Ernest Newlandsmith

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Ernest Newlandsmith, born 1875, was a musicologist with strong Christian belief who formed the Laresol Society to promote artistic vocation of a religious nature. Together with Dr. Ragheb Muftah he was instrumental in noting down and audio recording traditional Coptic church music in the years 1927 to 1936.

The Laresol Society[edit]

Ernest Newlandsmith founded the society in 1906 "to promote the higher realisation of the artistic vocation, looking at the matter from the standpoint of the religious life, and the definitely directed love and service of God and humanity".[1] In 1908, financed by some two hundred followers he rented a farm near Kirdford in West Sussex called Brownings, but renamed "Kirdford Priory", where a chapel had recently been constructed for use by another fringe Christian sect. This was used for quiet religious retreats. In 1910 Brownings was no longer available and a mission hall was established in north Devon, attracting considerable crowds. By 1911 however Newlandsmith had moved on to Felpham near Bognor Regis, putting on concerts, a mystery play and lectures, with the stress of work leading to ill health in 1912. In 1914 another base was established at Seaford Priory near Newhaven in East Sussex. The beginning of the First World War caused 30,000 soldiers to be camped nearby, spoiling the tranquility and causing Newlandsmith to abandon Seaford. In 1917 he was working in conjunction with the Anglican National Mission in the Portsmouth area where he formed a ladies' Angelus Choir. After the war he preached in London and the Midlands, including Birmingham Cathedral. He expressed astonishment when his concerts and orations[2] failed to spark a national religious revival.

Friar[edit]

In 1908 Newlandsmith took vows as a friar and henceforth dressed in a friar's cassock[3]

The Holy Land[edit]

In 1926 Brother Ernest, as he was known, took a new course when he travelled to the Middle East. On his way back from Palestine he visited Egypt where he soon became interested in the music of the Coptic Orthodox Church. He met Dr Raghib Muftah, a young agricultural engineer who shared his musical interest and wished to learn western musical notation to record the oral Coptic tradition. Living on Muftah's houseboat on the River Nile in front of El-Dobara palace Newlandsmith, sitting crosslegged on the floor, noted down the music performed by singers while Muftah used paper tape recording equipment brought by Newlandsmith from England.[4] They soon decided to work exclusively with the blind cantor Mualim Mikhail Girgis El Batanouny,[5] and through nine winters until 1936 they compiled sixteen volumes of music which are now in the United States Library of Congress. In 1931 Newlandsmith gave a series of lectures at Oxford and Cambridge universities and in London. He claimed that when what he called the " appalling debris of Arabic ornamentation" was stripped away the music was not Turkish, Arab or Greek, but ancient Egyptian music handed down by oral tradition from the temples of pharaonic Egypt.[6]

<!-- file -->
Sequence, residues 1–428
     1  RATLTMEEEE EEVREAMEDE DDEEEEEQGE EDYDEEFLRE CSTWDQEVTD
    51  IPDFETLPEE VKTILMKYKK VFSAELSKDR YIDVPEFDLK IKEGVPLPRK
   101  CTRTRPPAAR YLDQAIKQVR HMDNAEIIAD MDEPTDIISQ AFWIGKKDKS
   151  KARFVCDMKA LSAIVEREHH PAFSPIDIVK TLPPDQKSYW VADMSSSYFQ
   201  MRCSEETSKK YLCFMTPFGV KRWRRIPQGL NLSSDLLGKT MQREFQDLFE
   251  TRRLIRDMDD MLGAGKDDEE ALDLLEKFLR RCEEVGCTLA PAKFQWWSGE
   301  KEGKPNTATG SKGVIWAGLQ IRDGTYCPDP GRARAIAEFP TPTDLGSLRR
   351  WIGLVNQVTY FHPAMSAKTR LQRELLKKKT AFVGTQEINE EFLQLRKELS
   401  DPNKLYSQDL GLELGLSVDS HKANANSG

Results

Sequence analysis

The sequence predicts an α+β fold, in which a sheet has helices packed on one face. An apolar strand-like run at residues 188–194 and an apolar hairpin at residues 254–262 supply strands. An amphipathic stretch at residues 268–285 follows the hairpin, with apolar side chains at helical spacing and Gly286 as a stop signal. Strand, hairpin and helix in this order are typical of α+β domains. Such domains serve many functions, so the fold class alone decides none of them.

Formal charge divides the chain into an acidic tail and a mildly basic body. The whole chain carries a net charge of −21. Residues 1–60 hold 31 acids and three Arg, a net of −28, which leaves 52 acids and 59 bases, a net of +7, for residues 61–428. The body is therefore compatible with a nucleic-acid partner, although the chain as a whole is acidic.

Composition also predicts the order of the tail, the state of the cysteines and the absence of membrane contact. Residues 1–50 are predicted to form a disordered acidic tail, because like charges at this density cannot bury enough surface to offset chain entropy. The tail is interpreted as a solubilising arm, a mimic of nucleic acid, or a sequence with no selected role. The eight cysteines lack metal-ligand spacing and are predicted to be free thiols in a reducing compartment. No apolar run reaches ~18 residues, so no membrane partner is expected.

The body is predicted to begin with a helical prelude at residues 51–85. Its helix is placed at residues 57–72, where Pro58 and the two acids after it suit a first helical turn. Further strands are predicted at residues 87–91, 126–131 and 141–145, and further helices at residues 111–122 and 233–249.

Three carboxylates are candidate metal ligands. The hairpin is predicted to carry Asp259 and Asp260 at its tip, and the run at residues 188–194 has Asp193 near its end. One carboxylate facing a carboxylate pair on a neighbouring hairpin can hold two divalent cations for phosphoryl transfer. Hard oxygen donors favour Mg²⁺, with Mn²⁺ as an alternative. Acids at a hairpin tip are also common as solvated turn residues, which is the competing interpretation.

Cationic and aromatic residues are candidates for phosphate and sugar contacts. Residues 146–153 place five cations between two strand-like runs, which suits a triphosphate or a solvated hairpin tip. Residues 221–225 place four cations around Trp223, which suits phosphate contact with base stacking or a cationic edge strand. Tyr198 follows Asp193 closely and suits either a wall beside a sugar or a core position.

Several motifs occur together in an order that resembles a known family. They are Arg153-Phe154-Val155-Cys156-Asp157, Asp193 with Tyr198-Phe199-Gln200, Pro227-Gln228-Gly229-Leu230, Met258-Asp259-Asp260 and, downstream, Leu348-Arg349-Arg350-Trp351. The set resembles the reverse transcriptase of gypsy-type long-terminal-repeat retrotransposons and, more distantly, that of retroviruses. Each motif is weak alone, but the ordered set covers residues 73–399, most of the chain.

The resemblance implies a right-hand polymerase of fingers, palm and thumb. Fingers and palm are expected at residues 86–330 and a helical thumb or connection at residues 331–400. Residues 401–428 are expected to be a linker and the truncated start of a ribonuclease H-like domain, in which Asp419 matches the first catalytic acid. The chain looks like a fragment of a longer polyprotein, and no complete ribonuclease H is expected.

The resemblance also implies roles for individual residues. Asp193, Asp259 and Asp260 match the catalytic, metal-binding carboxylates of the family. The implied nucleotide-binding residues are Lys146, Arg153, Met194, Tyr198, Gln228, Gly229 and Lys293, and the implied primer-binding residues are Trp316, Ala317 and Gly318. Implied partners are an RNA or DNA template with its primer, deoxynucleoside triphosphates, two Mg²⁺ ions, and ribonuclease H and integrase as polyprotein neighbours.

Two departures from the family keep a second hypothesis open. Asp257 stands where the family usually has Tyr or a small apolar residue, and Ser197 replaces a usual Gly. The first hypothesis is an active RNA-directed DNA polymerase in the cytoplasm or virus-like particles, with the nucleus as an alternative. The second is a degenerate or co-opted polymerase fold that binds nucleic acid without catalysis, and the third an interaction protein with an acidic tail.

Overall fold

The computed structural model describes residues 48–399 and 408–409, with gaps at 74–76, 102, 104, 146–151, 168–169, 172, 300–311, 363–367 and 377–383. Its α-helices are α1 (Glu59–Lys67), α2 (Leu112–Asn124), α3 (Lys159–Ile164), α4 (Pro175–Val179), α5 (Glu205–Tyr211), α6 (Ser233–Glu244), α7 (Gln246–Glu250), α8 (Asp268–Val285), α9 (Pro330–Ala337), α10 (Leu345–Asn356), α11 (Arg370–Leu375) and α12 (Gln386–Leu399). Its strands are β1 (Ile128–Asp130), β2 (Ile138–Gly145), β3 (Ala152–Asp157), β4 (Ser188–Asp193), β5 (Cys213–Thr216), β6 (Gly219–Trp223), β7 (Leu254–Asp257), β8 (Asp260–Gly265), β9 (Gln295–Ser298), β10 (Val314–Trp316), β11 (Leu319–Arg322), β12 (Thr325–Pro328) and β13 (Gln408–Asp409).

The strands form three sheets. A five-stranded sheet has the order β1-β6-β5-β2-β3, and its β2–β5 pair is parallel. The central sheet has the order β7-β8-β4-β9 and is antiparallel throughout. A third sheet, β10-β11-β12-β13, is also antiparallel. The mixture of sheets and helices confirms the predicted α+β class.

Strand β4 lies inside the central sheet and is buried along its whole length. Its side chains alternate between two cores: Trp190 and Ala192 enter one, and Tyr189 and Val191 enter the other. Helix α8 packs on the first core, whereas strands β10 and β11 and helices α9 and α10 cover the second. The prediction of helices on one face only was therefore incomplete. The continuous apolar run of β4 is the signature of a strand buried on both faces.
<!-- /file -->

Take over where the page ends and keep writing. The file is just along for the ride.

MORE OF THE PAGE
Literary works[edit]

Published works include;

  • The Temple of Love. London The Laresol Society 1906 (very rare).
  • Art Ideals. 1906.
  • In Light and Shade. Poems. With a portrait. by Helen Coulthard and Ernest Newlandsmith 1913.
  • The Temple of Art. A Plea for the Higher Realisation of the Artistic Vocation. London: Longmans, Green & Co, 1919.
  • The New Humanity- a Study of the World, the Church, the Gospel and the Mysteries. 1925.
  • Interior Prayer (Little Books on Religion. no. 35.) 1925.
  • The Ministry of Music. 1925.
  • The World, the Flesh and the Devil. With particular reference to the stage. 1926.
  • Three Blessed Beasts. A book for babes, etc. 1926.
  • The Man of God. A study in Christology and the mysteries of the spiritual life. 1926.
  • A Minstrel Friar. 1927.
  • The New Life. 1928.
  • The Ancient Music of the Coptic Church. A lecture, etc. 1931.
  • Christ or Chaos? message from Mount Carmel. 1931.
  • A musician's pilgrimage: The story of my life, work and philosophy. 1932.
  • My Message. (SI) The New Life Movement 1941.
  • Art, Love and Life. London: Longmans, Green 1944.
  • The New Reformation. 1946.
  • The Awakening of Christendom. 1948.
  • Modern Babylon and the way out. New Life Publishing House (1952)
  • The Temple of Life: An Outline of the True Mission of Art Re-published 2007 ISBN 0-548-21607-X ISBN 978-0548216071

Published music[edit]

  • Ballade. Romance in D for Violin and piano. Houghton & Co (1898)
  • Nocturne pour Instruments aÌ. Schott & Co (1900)

References[edit]

  1. ^ Ernest Newlandsmith, A Minstrel Friar (1927) p39
  2. ^ Ernest Newlandsmith, A Minstrel Friar (1927) p71
  3. ^ Ernest Newlandsmith, A Minstrel Friar (1927) p41
  4. ^ Christians versus Muslims in Modern Egypt. The century long struggle for Coptic equality. p202
  5. ^ [1] The History of Recording Coptic Hymns & the history of Moalem Mikhail by Ragheb Moftah Habashy (El-Keraza, 1975).
  6. ^ The 1931 lecture script